The Lord and the devotees both conquer. The Lord is conquered by the devotees, and the devotees are conquered by the Lord. Because of being conquered by one another, they both derive transcendental bliss from their relationship. The highest perfection of this mutual conquering is exhibited by Kṛṣṇa and the gopīs. The gopīs conquered Kṛṣṇa, and Kṛṣṇa conquered the gopīs. Thus whenever Kṛṣṇa played His flute, He conquered the minds of the gopīs, and without seeing the gopīs Kṛṣṇa could not be happy. Other transcendentalists, such as jñānīs and yogīs, cannot conquer the Supreme Personality of Godhead; only pure devotees can conquer Him.
Pure devotees are described as sama-mati, which means that they never deviate from devotional service under any circumstances. It is not that devotees worship the Supreme Lord only when happy; they worship Him even when in distress. Happiness and distress do not hamper the process of devotional service. Therefore Śrīmad-Bhāgavatam says that devotional service is ahaituky apratihatā, unmotivated and uninterrupted. When a devotee offers devotional service to the Lord without any motive (anyābhilāṣitā-śūnyam [Bhakti-rasāmṛta-sindhu 1.1.11], his service cannot be hampered by any material condition (apratihatā). Thus a devotee who offers service in all conditions of life can conquer the Supreme Personality of Godhead.
A special distinction between devotees and the other transcendentalists, namely the jñānīs and yogīs, is that jñānīs and yogīs artificially try to become one with the Supreme, whereas devotees never aspire for such an impossible accomplishment. Devotees know that their position is to be eternally servants of the Supreme Lord and never to be one with Him. Therefore they are called sama-mati or jitātmā. They detest oneness with the Supreme. They have no lusty desires for oneness; instead, their desire is to be freed from all material hankering. Therefore they are called niṣkāma, desireless. A living entity cannot exist without desires, but desires that can never be fulfilled are called kāma, lusty desires. Kāmais tais tair hṛta jñānāḥ: (BG 7.20) because of lusty desires, nondevotees are deprived of their intelligence. Thus they are unable to conquer the Supreme Lord, whereas devotees, being freed from such unreasonable desires, can conquer the Lord. Such devotees are also conquered by the Supreme Personality of Godhead. Because they are pure, being free from all material desires, they fully surrender to the Supreme Lord, and therefore the Lord conquers them. Such devotees never aspire for liberation. They simply desire to serve the lotus feet of the Lord. Because they serve the Lord without desires for remuneration, they can conquer the mercy of the Lord. The Lord is by nature very merciful, and when He sees that His servant is working without desires for material profit, naturally He is conquered.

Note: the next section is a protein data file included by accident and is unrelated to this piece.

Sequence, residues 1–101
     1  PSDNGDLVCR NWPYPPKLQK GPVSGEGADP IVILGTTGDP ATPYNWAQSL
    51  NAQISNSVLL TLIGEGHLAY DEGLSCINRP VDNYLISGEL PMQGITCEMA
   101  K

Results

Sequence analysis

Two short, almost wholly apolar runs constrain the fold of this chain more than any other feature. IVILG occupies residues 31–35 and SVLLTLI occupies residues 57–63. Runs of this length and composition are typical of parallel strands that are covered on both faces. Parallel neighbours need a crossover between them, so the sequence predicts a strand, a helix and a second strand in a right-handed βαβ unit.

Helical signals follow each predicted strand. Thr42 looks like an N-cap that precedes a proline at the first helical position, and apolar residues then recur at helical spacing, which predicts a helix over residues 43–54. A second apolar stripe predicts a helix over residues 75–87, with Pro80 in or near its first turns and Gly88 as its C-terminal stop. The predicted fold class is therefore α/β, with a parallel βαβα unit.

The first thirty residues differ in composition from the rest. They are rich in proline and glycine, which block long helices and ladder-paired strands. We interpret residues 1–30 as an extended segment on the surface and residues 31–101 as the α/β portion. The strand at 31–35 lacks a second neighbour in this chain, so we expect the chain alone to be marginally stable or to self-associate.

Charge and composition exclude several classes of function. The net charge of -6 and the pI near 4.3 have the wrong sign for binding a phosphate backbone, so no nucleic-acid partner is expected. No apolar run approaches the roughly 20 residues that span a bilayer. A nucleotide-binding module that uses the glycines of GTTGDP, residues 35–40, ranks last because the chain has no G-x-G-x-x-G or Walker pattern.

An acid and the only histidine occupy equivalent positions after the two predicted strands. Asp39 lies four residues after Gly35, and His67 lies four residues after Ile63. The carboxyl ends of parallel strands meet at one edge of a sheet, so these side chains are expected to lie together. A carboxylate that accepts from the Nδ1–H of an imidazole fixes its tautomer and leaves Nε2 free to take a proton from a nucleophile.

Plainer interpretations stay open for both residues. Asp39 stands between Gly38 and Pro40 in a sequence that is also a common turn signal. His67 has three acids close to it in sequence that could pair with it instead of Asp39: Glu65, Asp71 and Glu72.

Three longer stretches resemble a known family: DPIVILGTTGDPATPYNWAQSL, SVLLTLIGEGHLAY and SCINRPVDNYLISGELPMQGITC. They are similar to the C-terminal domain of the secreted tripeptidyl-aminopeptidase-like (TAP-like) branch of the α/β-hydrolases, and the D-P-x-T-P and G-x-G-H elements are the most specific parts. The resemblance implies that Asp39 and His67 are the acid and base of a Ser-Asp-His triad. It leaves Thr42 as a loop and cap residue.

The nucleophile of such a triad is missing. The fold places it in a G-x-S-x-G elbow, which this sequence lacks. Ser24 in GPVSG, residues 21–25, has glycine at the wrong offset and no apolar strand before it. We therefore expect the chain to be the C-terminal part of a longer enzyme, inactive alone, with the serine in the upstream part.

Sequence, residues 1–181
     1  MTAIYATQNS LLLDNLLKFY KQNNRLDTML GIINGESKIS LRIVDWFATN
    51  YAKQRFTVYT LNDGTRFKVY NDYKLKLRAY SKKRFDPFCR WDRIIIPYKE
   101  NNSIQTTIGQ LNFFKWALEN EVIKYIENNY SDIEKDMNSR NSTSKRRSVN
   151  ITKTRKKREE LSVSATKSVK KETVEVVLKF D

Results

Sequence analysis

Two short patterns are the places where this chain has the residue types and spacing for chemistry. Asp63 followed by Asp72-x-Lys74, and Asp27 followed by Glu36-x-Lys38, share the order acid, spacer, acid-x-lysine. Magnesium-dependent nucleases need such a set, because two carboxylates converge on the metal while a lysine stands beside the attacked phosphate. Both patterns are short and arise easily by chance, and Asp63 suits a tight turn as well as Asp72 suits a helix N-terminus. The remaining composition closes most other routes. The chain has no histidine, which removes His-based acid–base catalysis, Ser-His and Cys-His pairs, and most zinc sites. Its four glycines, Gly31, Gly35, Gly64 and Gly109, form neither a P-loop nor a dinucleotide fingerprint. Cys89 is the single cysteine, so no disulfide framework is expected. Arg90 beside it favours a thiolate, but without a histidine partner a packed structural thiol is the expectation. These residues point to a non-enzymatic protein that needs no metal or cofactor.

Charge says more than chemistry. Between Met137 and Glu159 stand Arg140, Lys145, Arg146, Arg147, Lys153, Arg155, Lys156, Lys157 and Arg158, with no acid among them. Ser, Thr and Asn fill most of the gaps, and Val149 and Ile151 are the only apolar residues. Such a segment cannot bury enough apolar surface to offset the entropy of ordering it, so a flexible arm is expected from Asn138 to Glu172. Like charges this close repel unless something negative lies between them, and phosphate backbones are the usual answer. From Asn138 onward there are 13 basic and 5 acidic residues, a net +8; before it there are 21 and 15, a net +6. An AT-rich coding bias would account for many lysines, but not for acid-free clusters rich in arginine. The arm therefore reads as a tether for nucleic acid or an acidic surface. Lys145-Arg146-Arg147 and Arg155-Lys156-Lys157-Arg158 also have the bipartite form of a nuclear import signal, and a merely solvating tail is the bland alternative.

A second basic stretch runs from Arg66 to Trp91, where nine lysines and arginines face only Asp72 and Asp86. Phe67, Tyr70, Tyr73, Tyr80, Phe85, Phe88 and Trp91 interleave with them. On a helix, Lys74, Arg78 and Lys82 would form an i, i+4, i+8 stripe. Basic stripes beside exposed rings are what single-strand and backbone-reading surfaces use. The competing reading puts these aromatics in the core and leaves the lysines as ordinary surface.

Devotees are always engaged in service.
- sa vai manaḥ kṛṣṇa-padāravindayor
- vacāṁsi vaikuṇṭha-guṇānuvarṇane
- (SB 9.4.18)
All the activities of their senses are engaged in the service of the Lord. Because of such devotion, the Lord gives Himself to His devotees as if they could use Him for any purpose they might desire. Of course, devotees have no purpose other than to serve. When a devotee fully surrenders and has no aspiration for material profit, the Lord certainly gives him all opportunities for service. This is the position of the Lord when conquered by His devotees.